27. There has been an Assay Office in Sheffield since 1773, when local silversmiths, who resented the inconvenience of having to send their wares to London for hallmarking, joined with Birmingham petitioners to ask Parliament for their own Offices. Despite fierce opposition from the London Goldsmiths' Company, an Act of Parliament was passed, granting Sheffield the right to assay silver. Because the Select Committee which considered the petition had uncovered so many abuses by the existing Assay Offices, Parliament made sure that the new ones were more strictly controlled. The Act appointed thirty local men, including Thomas, the 3rd Earl of Effingham as 'Guardians of the Standard of Wrought Plate within the Town of Sheffield' to supervise the work of the Office. By restricting the number of Guardians who were silversmiths to fewer than ten, Parliament made sure that the Office was run for the benefit of the consumer rather than the manufacturer. The day to day running of the Office was entrusted to an Assay Master who had to take his oath before the Master of the Royal Mint and enter into a Bond for £500. The Office was to be non-profit making, and its running costs were to be met by the hallmarking charges paid by the manufacturers. More than two hundred years later, the Office is still funded in exactly the same way. Originally, Sheffield had the right to mark all silver goods produced within a twenty mile radius of Sheffield. After the second Sheffield Act of 1784, the office also had the right to keep a Register of all makers' marks on plated silver wares made within one hundred miles radius - which of course included Birmingham. From 1836 this Register unfortunately fell into disuse, but before then Sheffield and Birmingham frequently quarrelled over Sheffield's monopoly, and Sheffield occasionally threatened to prosecute Birmingham makers for using unregistered marks. Possibly this explains why more Birmingham platers than Sheffield registered their marks. The 1773 Act empowered Sheffield to use a Crown for its town mark. The story goes that this was because the Birmingham and Sheffield petitioners for the Act met at the 'Crown and Anchor', an inn situated off The Strand in London, and that each town adopted one of these signs as its mark. Certainly the inn existed - but whether there is any truth in the story is unknown. After 1903, when Sheffield was finally allowed to assay and mark gold as well as silver (the result of a clause in the Sheffield Corporation Act), Sheffield was unique in having two town marks - the Crown for silver and the Yorkshire rose for gold. For the first eleven years the Office struggled to survive, borrowing heavily from local silversmiths. By using mass-production methods for stamping out thin silver, Sheffield made very light wares which competed strongly with heavier London-made goods. Assaying, however, was charged for by weight. Over 100 knife handles could be marked for only 5p - a price which did not reflect the time and effort involved. The only way to make ends meet was to increase charges. The Act of 1784 charged for small articles by count instead of weight. As a result, the Office's fortunes revived. The first Assay Office was a rented house on Norfolk Street and the first Assay Master a Londoner, Daniel Bradbury. The Office only opened on Mondays and Thursdays, though Mr. Bradbury was allowed to open on a third day for private assays. In 1774 the Office moved to a court off Norfolk Street "lately occupied by Thomas Boulsover" - the inventor of Old Sheffield Plate. By 1795 the Office had moved again, this time to a brand new building on Fargate. In the nineteenth century, Sheffield became a major manufacturing centre with an international reputation for its silver and cutlery. Production continued to grow rapidly and it became obvious that the Office could no longer cope unless its opening hours increased. When, in 1880, the Fargate premises were needed for road-widening, the Guardians acquired a new site in Leopold Street and remained there until 1958. By this time, however, the demand for silver goods had fallen dramatically and the building was much too large. Before the War 1,250,000 ounces of silver passed through the Office each year. By 1958 this had fallen to 300,000 ounces. Many large local firms closed and it seemed as though the only people still making silverwares were skilled craft-workers. The Office moved again, this time to a much smaller building in Portobello Street. After the Hallmarking Act was passed in 1973, the nature of the work submitted to the Assay Office changed. No longer were the main customers the traditional Sheffield silversmiths producing large pieces of hollow-ware. Goods from all over the United Kingdom and abroad came in to be assayed, and foreign gold (especially 9ct gold chains) became very important. The extra workload involved by this increase in smaller articles necessitated re-development - initially within the existing building, to streamline the laboratories and make more marking space. In 1973, Jack Cheetham made some cufflinks in which the hallmark was a necessary and important part of the decoration; Jack Spencer adapted this idea and used the largest size of hallmark as decoration on a range of gold and silver jewellery. A cheaper alternative then appeared, in which the mark was placed vertically down a rectangular block to make 'dog-tag' pendants, and these, especially when they incorporated the Special Mark to celebrate the Queen's Silver Jubilee, became phenomenally successful. The income from this extra work was used in alterations to make the Goldsmiths' Wing to create more marking space, and the foundation stone was laid by Ian Threlfall, Prime Warden of the Goldsmiths' Company, in October 1978. More space for marking was created by renting office space elsewhere in the town and converting the existing offices into marking rooms. Meanwhile, the Office bought the former 'Willow Tree' public house next door and fitted it out for offices and marking. By now the British Hallmarking Council was pressing for an expansion of hallmarking facilities in Britain, so the Office bought the Charleston Works on Orange Street adjacent to the 'Willow Tree' to give better access to customers and more off-street parking, and to allow room for more building. In March 1983 Sir Frederick Dainton, then Prime Warden of the Goldsmiths' Company, laid the foundation stone of the Guardians' Hall. The new building was completed in 1985 and officially opened by Her Majesty Queen Elizabeth II in December 1986. It provided extra space for offices, laboratories, staff facilities, Board Room and Library. The Hallmarking Act of 1973 removed many restrictions on marking and consolidated many earlier Acts. It was based on the Trade Descriptions Act and made it an offence to sell almost anything as gold, silver or platinum unless first assayed and marked. For the first time, all the Offices adopted the same date-letter and alphabet. After 200 years, Sheffield lost its Crown mark for silver and used the Yorkshire Rose on both gold and silver. Platinum was not assayed in Sheffield until June 1975, mainly because of the cost of the equipment needed, but testing and marking were finally introduced to meet local customers' demands. The Office has continued to adapt to customers' needs. Recent internal alterations have created more laboratory space and streamlined the hallmarking process. In 1997 laser marking was introduced for hollow articles such as necklaces, watch-cases and bangles, which would have been damaged by traditional methods. Over a quarter of a million of such items were marked in 1999. Other services, such as nickel-free testing for jewellery and mercury-screening for occupational exposure, complement traditional assaying and hallmarking. January 1999 saw the introduction of additional (lower) standards for gold, silver and platinum to enable free competition within the European Community. For the first time the date-letter became voluntary rather than compulsory, and the sterling lion mark and crown gold mark also became optional. Now all goods are marked with their standard of fineness in parts per thousand, and it is no longer possible to distinguish between British and foreign-made articles. The effect on British manufacturing remains to be seen. However, an additional special mark for the millennium was also introduced, to be used on any item made between January 1999 and December 2000, at the manufacturer's request. This captured the imagination of the public, and increased the sale of precious metal wares. In the 21st century the workload has continued to grow. 2001 was the busiest year ever in the Office's long history. Over 12.9 million articles were assayed and marked in Sheffield. More staff were taken on, and the building extended yet again, this time to create a new top floor for Guardians' Hall, providing comfortable staff accommodation, whilst the old staff room was converted to make more room for marking. The extension was opened on April 11th 2002 by HRH the Duke of Kent, KG, the third Royal visitor to the Office in 30 years. Another special mark, to commemorate H.M Queen Elizabeth II's Golden Jubilee, was used for one year only in 2002. Initially, any profits made by the Office had to be used solely for prosecuting those who broke the law on hallmarking. However, by the beginning of the twentieth century when the local silver industry was at its height, the Office was making a large profit. As a result, a new Act was granted in 1906, permitting some of the surplus to be spent on providing a collection of books or objects relating to the silver and gold industry, to promoting technical education in Sheffield especially for the silver and gold industry and to charitable donations. Since then, the Office has built up a large specialised library and a collection of silver, mainly made in Sheffield. In addition, the Office has sponsored various competitions to encourage local craftsmen, and, most recently, financed a fully equipped workshop unit at Persistence Works for metalwork and jewellery graduates starting out in business. In addition, the Office is a corporate member of the Millennium Galleries, where the splendid Millennium Punch Bowl is on display. This ongoing commission was the result of collaboration between four local designers; Alex Brogden, Chris Knight, Brett Payne and Keith Tyssen. A new cup is to be added each year, commissioned by the Assay Office from a modern designer.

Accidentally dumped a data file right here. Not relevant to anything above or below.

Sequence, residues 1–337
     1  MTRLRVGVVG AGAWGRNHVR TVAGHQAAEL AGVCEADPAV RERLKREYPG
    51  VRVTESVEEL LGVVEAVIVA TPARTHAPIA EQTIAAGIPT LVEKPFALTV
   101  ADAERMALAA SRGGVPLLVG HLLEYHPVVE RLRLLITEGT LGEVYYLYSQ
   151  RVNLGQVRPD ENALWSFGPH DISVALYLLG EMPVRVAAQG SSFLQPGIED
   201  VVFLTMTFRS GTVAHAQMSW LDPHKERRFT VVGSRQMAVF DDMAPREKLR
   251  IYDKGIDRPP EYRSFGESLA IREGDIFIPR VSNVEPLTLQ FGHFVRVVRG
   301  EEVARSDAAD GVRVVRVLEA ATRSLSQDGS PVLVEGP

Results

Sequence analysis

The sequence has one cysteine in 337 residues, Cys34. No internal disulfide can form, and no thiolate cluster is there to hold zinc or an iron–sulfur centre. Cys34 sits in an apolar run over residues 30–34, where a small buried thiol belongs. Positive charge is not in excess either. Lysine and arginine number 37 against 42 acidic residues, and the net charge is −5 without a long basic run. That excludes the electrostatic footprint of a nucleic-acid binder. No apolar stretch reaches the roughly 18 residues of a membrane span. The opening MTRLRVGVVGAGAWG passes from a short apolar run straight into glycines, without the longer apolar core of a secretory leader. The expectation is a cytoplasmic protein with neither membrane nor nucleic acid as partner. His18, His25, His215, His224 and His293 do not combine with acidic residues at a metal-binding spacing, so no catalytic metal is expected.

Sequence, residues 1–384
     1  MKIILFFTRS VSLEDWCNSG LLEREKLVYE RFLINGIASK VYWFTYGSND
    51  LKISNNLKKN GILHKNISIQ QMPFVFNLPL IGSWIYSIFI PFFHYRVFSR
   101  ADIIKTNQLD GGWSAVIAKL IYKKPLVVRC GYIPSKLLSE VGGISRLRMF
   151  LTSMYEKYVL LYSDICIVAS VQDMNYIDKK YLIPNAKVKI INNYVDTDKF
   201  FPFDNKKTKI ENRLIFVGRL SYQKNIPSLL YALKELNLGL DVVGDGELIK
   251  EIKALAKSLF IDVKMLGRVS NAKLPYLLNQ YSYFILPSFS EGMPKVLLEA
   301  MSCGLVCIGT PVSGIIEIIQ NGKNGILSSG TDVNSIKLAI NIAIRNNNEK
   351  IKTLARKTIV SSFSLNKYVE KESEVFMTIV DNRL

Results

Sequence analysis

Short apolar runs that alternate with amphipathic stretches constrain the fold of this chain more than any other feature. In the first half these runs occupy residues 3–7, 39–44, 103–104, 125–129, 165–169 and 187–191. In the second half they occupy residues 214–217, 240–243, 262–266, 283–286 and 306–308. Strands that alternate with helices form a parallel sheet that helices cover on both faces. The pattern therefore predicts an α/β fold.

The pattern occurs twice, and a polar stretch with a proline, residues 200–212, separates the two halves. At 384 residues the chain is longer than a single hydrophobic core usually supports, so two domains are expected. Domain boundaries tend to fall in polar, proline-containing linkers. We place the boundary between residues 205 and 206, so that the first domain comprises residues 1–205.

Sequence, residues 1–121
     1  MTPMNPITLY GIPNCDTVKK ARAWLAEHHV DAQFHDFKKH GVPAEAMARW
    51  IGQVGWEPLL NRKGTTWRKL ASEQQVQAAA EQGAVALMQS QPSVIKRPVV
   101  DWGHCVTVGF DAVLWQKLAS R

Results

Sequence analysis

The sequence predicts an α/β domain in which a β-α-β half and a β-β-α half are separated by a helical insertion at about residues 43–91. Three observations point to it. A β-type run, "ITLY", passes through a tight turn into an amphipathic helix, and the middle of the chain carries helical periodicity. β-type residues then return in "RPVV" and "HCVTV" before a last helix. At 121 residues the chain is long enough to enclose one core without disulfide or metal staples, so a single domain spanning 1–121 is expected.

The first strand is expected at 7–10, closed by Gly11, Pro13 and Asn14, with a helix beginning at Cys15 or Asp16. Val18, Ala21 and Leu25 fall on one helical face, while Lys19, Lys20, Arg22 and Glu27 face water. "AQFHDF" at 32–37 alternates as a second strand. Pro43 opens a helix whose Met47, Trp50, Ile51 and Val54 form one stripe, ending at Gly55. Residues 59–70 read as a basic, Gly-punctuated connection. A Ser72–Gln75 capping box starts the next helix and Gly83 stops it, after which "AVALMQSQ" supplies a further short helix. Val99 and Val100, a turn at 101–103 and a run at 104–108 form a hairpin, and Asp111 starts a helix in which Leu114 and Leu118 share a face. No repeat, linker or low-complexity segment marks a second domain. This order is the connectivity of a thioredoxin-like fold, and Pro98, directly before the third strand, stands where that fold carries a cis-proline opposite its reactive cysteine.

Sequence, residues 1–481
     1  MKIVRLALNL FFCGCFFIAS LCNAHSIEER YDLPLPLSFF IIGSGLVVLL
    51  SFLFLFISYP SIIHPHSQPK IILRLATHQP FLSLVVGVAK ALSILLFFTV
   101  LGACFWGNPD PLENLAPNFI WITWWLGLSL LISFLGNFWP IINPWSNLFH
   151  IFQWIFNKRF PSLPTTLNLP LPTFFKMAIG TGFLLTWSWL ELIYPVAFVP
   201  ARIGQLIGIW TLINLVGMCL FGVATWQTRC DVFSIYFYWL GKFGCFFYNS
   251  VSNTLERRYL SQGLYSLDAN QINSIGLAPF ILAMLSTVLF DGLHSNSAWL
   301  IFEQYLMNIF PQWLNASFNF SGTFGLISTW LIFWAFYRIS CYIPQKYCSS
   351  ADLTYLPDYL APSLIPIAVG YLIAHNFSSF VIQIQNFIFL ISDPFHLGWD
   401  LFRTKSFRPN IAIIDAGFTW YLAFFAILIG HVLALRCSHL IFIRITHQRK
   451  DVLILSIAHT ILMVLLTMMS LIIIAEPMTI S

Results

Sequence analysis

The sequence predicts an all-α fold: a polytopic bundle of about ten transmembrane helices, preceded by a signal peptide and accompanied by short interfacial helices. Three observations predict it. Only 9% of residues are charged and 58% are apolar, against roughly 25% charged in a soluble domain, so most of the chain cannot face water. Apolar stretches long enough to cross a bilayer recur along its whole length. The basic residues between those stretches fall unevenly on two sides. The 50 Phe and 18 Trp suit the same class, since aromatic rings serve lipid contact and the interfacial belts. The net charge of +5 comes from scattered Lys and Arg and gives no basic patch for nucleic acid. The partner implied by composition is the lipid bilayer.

3 points